The month was July of 1973. The location was New York City at the renowned Madison Square Garden. The band was Led Zeppelin — one of the most influential rock quartets ever to exist. The moment in time was filming one of the only professionally-shot performances the band would ever do for the mesmerizing film, The Song Remains The Same. A film and performance that, no doubt, would go on to ignite the fires of creativity in so many young hearts and minds, leading them towards the never-ending expanses of artistic expression known collectively as ‘music’. Fast forward nearly five decades and you might be able to tell that those fires of influence have dimmed slightly, yet have most certainly not gone out. Making proof of this is the highly-anticipated sophomore album from GRAMMY Award-winning four-piece Greta Van Fleet, The Battle at Garden’s Gate.
Available everywhere now, ‘The Battle at Garden’s Gate’ offers a cinematic elegance the young band has yet to explore.
By blending their familiar 70s-type rock sound with big orchestral elements and new, intricate song formations, these talented musicians from Michigan have provided a path for themselves to emerge from the shadows of their influences and really take over their genre. This new album is just another step towards GVF becoming a force to be reckoned with all on their own. Producer Greg Kurstin (Paul McCartney, Foo Fighters, Adele) adds, “Hearing these songs evolve into expansive soundscapes took me on an amazing journey. I love that they explored these complex song structures and the band reached for chords, melodies and lyrics that stretch beyond the usual. Most of all, I admire that Greta Van Fleet has stayed true to themselves.”
Starting the album off is the previously released single “Heat Above” and, while still heavily favoring that Zeppelin sound, Greta Van Fleet wants you to know right from the start that the inspiration clearly don’t stop there. You get a pleasing mix of elements from Geddy Lee-styled vocals, hints of Bob Dylan-esque storytelling and, based on the performance footage from late-night shows, some Queen even shows its face (or white bedazzled jumpsuit), as well. These all culminate in a spot-on album opener. Getting plenty of radio air time is the second track on the album, “My Way, Soon”, serving as the perfect rock ’n roll hit to cruise around town with a group of friends, the windows down and the volume up. It’s fast-paced, loud, wild and fun and, to me, it belongs on the soundtrack for the movie Dazed & Confused.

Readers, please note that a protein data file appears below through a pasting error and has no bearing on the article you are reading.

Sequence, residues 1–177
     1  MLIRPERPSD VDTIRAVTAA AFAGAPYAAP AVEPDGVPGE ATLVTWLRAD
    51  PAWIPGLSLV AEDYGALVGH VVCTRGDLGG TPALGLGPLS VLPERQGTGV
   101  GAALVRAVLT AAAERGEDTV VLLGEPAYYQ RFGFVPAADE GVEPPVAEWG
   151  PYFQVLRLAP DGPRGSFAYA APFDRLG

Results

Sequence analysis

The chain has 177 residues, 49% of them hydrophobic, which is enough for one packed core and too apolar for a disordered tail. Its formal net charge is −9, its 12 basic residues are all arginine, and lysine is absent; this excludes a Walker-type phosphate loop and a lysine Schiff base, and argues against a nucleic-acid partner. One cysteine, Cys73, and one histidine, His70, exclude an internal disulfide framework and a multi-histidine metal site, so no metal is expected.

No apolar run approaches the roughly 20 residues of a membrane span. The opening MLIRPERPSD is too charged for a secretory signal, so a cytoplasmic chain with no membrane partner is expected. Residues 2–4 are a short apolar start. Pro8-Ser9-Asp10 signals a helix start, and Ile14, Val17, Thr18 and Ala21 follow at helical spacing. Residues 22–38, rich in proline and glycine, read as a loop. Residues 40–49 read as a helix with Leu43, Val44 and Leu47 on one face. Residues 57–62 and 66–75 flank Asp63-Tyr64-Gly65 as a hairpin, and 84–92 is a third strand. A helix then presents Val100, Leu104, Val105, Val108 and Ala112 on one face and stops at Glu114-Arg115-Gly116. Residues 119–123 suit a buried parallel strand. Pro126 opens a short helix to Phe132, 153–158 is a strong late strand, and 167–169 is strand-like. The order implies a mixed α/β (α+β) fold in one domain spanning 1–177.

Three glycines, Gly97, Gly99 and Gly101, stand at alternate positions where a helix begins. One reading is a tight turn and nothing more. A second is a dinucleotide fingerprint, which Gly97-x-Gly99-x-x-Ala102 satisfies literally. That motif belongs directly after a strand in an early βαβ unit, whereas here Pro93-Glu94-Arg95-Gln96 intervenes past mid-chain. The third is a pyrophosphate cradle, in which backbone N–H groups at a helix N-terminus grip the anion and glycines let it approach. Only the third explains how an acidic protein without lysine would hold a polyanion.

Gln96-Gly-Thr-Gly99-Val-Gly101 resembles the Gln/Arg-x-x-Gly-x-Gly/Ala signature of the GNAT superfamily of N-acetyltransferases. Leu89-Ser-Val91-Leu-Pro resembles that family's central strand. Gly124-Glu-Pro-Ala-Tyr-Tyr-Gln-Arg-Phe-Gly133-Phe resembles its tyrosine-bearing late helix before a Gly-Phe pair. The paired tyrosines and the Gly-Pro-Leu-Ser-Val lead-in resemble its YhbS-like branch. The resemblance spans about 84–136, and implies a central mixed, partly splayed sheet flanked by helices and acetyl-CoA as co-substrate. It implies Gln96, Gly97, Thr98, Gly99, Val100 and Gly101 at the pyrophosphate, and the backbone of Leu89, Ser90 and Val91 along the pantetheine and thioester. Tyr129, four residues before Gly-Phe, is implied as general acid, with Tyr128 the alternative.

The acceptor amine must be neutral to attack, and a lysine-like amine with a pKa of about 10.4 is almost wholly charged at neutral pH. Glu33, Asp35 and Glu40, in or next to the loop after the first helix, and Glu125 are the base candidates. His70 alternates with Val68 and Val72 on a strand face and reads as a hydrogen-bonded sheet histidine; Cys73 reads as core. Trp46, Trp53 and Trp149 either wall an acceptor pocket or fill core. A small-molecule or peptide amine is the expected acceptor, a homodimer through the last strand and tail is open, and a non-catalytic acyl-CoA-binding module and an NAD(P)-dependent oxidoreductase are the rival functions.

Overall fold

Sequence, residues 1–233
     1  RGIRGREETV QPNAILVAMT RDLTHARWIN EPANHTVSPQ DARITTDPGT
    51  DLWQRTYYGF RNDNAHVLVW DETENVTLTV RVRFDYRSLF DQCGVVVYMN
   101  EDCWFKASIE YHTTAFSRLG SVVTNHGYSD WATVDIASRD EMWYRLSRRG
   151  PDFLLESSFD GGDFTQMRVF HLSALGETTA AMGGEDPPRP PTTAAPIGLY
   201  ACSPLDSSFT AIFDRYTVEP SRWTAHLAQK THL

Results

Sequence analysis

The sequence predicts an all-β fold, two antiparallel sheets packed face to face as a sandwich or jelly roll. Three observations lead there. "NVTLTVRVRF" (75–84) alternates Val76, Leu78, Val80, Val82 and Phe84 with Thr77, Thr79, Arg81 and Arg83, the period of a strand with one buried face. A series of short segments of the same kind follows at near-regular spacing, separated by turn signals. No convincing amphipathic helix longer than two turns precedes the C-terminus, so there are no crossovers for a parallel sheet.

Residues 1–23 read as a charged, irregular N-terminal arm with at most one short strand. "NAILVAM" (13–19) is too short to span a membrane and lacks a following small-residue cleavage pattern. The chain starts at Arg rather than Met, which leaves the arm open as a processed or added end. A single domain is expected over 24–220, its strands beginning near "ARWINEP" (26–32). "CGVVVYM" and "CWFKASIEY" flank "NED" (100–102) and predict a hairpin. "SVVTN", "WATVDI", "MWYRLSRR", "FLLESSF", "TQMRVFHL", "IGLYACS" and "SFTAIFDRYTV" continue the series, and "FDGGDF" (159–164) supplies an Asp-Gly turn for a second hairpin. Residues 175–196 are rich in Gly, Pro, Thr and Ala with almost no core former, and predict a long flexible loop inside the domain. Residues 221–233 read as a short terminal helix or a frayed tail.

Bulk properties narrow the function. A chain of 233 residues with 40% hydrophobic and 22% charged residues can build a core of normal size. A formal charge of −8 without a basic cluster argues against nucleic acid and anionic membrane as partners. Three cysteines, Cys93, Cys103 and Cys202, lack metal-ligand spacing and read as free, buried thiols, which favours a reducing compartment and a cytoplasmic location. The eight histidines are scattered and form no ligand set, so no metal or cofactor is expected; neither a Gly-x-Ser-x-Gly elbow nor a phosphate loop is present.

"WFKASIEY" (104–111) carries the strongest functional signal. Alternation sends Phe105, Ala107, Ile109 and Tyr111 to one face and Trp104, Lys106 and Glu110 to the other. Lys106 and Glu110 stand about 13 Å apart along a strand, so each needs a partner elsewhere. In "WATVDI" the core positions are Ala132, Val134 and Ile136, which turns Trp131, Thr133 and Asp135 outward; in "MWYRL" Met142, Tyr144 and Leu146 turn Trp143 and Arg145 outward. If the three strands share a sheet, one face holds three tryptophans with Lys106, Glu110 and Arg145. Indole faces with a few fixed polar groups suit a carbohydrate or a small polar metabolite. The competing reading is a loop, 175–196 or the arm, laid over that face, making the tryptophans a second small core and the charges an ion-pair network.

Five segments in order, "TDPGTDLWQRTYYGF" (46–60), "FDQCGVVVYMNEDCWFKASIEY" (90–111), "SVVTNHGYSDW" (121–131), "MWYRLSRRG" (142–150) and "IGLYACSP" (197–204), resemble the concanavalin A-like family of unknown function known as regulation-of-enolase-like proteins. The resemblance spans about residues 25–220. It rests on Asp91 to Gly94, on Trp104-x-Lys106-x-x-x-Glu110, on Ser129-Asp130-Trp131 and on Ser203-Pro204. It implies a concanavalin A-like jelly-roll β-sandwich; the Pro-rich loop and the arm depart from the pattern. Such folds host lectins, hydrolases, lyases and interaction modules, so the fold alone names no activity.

After getting lost in pure rock over the next six songs, you come across the ninth track “Caravel”: a song that stands out, with its gripping intro of sporadic thunder, provided by drummer Danny Wagner, and dirty, rough riffs from guitarist Jake Kiszka. This leads into another blistering vocal performance by lead singer Josh Kiszka, showing off his naturally wide range, as well as the overall strength and power behind his voice. Closing out the album is “The Weight of Dreams”, GVF’s own personal “Stairway to Heaven”, if you will, being the longest track on the album coming in at almost nine minutes.
“The Weight of Dreams” is a massive sonic experience that takes you on a rollercoaster of emotions, leaving you at the end wondering in what decade did this entire rock ’n ’roll adventure just spit you out into.
When any new band is developing their sound, it can be difficult to fight the constant comparisons and straight-up vitriol that comes from ‘purists’. But, in my opinion, when it comes to any criticism in regards to sounding too much like this band or being too resemblant of that singer, Greta Van Fleet has adopted the mindset of Black Crowes‘ drummer Steve Gorman — “Fuck it, at least we have good taste.”
The Battle at Garden’s Gate is available everywhere now.
Purchase or stream ‘The Battle at Garden’s Gate’ album:
- Heat Above
- My Way, Soon
- Broken Bells
- Built by Nations
- Age of Machine
- Tears of Rain
- Stardust Chords
- Light My Love
- The Barbarians
- Trip the Light Fantastic
- The Weight of Dreams
Greta Van Fleet – “Heat Above” on ‘Jimmy Kimmel Live!’:
Cover photo by Alysse Gafkjen
Disclaimer: All views presented in this album review are those of the reviewer and not necessarily those of Top Shelf Music.